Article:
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Author Topic: Peavey VSX 26 vs. Behringer DCX2496 vs. DR260  (Read 34143 times)

Jens Droessler

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Re: Peavey VSX 26 vs. Behringer DCX2496 vs. DR260
« Reply #40 on: April 16, 2007, 06:33:15 pm »

I have (amongst other devices) 6 Behringer UltraDrives now in my rigs. I replaced all analogue crossovers with them. The only thing I had was frying egg syndrome on two of them, which was easy to fix. I also installed many many of them, no problems so far.
One thing: They tend to dislike 96kHz AES/EBU input. Going back to 48kHz input (which will be upsampled internally, so you still got the benefit of higher quality processing and D/A converting (that's where the high sample rate is most useful!).

Converting SPDIF to AES/EBU won't hurt the signal at all. The data stream is compatible, only some additonal flags are present with AES/EBU. The main difference is that AES/EBU is a differential/balanced signal. In fact you don't need to convert coax SPDIF (like from the DJM800) to AES/EBU for the Behringer. It will accept SPDIF!

The third input being also for the aligning feature is not a problem, as you will use it only ONCE per setup. After that you replace the mic with a line signal XLR.

The AutoEQ functions of any hardware device I know (including Behringer UltraCURVE, DR PA and some more) won't work inside rooms that well. If you use it to create setups outside, in a non-reverbant area, it can work really well.... But IMO this is not a feature to look for. A graphic EQ is probably the worst thing you can use to 'tune' a system in the first place. It is ok to draw or push some faders to 'make the room sounding good', but it's NOT a tool to make the speakers sound good. It's a big difference. Parametric EQs are more gentile to the overall performance and much more precise for tailoring response.
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Robert Fielder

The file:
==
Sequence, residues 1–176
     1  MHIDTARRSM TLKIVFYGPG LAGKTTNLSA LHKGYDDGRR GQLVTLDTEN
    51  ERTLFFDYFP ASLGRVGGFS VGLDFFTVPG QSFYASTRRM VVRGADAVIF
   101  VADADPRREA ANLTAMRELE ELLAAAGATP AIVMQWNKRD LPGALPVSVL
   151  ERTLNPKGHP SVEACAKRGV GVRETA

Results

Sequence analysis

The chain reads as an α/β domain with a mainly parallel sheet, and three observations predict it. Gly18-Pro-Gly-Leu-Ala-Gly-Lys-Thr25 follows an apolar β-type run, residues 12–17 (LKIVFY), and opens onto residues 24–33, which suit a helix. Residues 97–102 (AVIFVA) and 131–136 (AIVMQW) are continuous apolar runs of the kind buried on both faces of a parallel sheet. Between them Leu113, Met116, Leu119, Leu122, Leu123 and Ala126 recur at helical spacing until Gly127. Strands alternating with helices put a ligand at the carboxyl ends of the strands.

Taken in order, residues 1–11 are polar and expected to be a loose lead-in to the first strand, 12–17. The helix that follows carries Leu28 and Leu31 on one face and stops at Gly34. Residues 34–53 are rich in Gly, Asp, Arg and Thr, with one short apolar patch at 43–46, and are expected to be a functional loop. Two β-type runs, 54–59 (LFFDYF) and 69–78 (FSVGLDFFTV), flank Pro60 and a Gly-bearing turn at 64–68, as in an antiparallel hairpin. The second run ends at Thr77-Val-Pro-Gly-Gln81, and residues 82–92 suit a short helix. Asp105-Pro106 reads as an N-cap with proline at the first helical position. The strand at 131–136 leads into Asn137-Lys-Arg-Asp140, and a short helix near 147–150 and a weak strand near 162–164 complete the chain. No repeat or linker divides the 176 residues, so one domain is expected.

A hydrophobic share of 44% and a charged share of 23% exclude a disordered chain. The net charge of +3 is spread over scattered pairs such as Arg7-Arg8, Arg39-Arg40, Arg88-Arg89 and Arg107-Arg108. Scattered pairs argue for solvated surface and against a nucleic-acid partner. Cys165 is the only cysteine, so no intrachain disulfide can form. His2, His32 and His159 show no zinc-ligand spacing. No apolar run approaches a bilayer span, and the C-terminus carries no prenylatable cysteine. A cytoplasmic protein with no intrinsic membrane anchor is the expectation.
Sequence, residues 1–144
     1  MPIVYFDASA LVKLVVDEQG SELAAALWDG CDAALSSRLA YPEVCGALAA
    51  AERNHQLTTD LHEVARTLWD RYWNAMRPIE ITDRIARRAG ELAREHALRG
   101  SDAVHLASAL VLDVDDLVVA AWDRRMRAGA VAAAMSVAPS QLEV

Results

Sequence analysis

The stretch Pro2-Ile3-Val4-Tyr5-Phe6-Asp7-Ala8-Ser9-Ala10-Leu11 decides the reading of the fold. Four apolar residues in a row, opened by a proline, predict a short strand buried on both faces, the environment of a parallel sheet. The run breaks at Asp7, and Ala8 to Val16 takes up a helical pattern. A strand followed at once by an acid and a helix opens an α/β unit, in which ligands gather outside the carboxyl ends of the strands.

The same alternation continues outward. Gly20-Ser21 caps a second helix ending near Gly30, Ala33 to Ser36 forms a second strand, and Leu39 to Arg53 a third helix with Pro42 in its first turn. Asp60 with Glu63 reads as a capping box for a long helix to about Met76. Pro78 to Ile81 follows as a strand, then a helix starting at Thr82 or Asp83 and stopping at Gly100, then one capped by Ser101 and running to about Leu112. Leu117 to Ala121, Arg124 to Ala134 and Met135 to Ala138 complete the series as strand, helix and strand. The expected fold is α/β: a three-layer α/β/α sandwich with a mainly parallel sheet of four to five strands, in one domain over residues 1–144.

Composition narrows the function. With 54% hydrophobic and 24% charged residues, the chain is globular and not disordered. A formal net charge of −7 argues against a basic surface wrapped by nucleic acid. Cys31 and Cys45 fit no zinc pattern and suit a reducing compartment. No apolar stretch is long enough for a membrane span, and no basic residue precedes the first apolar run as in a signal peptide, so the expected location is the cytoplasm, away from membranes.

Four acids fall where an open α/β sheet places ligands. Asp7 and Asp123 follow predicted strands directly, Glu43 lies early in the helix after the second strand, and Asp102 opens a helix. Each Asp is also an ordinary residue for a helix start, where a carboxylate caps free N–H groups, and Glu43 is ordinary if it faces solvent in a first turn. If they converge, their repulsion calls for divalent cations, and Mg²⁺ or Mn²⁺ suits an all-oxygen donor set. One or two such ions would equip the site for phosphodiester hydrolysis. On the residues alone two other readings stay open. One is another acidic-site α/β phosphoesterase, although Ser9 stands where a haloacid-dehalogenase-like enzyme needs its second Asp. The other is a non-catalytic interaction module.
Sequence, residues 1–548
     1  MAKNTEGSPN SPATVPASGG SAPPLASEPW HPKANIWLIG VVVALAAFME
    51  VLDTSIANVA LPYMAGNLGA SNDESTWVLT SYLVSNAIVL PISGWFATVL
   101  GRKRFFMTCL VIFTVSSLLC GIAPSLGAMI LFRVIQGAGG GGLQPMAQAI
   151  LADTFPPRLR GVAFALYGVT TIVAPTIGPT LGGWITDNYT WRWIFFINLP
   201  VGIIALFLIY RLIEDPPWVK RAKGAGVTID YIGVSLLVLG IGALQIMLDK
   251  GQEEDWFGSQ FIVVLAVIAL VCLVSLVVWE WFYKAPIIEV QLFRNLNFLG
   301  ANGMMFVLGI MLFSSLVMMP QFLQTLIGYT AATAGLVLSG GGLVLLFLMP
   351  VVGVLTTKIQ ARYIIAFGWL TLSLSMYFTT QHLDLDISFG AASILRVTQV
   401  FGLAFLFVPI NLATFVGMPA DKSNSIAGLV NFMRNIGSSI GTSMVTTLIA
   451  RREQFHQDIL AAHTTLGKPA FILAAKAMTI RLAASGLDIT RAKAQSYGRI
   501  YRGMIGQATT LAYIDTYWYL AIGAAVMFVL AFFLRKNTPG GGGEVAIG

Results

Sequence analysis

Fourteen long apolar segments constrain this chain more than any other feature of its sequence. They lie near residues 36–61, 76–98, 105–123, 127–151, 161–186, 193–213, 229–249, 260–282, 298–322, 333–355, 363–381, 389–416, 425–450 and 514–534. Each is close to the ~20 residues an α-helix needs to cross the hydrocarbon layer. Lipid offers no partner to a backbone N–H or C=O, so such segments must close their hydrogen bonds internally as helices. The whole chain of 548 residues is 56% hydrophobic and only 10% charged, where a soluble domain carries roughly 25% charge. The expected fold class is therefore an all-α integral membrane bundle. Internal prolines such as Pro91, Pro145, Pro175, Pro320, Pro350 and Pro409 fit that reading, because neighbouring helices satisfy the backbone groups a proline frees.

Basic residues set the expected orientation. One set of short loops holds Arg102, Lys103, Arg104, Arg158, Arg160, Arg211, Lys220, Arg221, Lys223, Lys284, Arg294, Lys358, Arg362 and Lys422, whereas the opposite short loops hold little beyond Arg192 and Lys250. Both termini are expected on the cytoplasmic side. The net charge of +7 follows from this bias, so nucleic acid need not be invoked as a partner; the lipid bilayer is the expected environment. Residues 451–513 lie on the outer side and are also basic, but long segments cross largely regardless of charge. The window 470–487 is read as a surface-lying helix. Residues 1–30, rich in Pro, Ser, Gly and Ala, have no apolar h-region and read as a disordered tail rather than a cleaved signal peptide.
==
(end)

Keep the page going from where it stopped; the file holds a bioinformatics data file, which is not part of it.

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Re: Peavey VSX 26 vs. Behringer DCX2496 vs. DR260
« Reply #41 on: April 17, 2007, 09:21:50 am »

James Duncan wrote on Sat, 14 April 2007 12:02

Plus, I think it is obviously much more convenient to have the ref mic input on the front panel like DBX, Peavey, and others do. This saves having to dig around in the back of the rack to plug in the ref mic when needed.

Depends on how you wire your rack.

The Raxxess S16U is inexpensive, easy to use, and would allow you to have the mic at either the front or back of the rack, easily accessible. XLR connectors and cable is easy to get and easy to put together.

I have one on order so I can put an extra mic, two USB, one Firewire, and two RCA connectors on the front of my rack. Only for stuff that is used occasionally - and you don't want to have to dig around to get the stuff plugged in.
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Robert Fielder
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Robert Fielder

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Re: Peavey VSX 26 vs. Behringer DCX2496 vs. DR260
« Reply #42 on: April 17, 2007, 09:52:26 am »

Interesting comments on the Peavy VSX, and on Behringer.

I agree with the posts about Behringer making crap - but do not agree that all Behringer products are crap. They make some stuff that is OK.

Three that I have used and been impressed with are the CX2310 crossover, FCA202 firewire audio interface, and as of this past Saturday, the DCX2496.

The DCX2496 sounded good, did what I needed, and was moderatly easy to figure out and set up. I have used a DRPA several times, and would prefer the user interface on the DCX2496.

Audio quality was excellent - even raising the levels on the DCX2496 did not create any of the value-added background noise that Behringer is famous for. I did get compliments for my sound, both for music reproduction and for the clairity of vocals on the mics.

I also looked at the control software for the DCX2496, and was impressed with it. It ran well, showed you what was configured, and allowed you to change things easily. What was very, very impressive was that it was happy running on my backup laptop - an ancient Toshiba CDS4010 - P2 266Mhz, 166Mb RAM, XP.

Some concerns have been expressed here about the quality of components in Behringer products. That is not something I can speak to directly. Before buying the CX2310, or testing the DCX2496, I did look for feedback from owners of those products. The responses were very consistent - with the exception of the DCX2496's "frying bacon", there were two responses - those that own one of these products loved them with many in use for 1, 2, or more years problem free. Those that did not own one of these products were down on them, and on Behringer in general.

What was really interesting when I was collecting feedback on the CX2310, comparing specifically to the dBx223XL, was that there were more reports of DRPA and DR260 failures than of CX2310/DCX2496/etc failures!

This was a DJing gig where I was also testing the new Yorkville NX720S sub along with my NX55P tops. Since it was a DJing gig, I did not post the entire review.

My final conclustion - the NX720S will be a purchase as soon as funds permit, and the DCX2496 is on my short list.

I would like to use a DR260 and, if they are available in this area, a Peavey before making a final decision. However, if I had to buy tomorrow, I would not hesitate to put my $$$ down for a DCX2496. I do have strategies to work around component failures, but that is just common sense - even Rane and dBx may have hardware failures.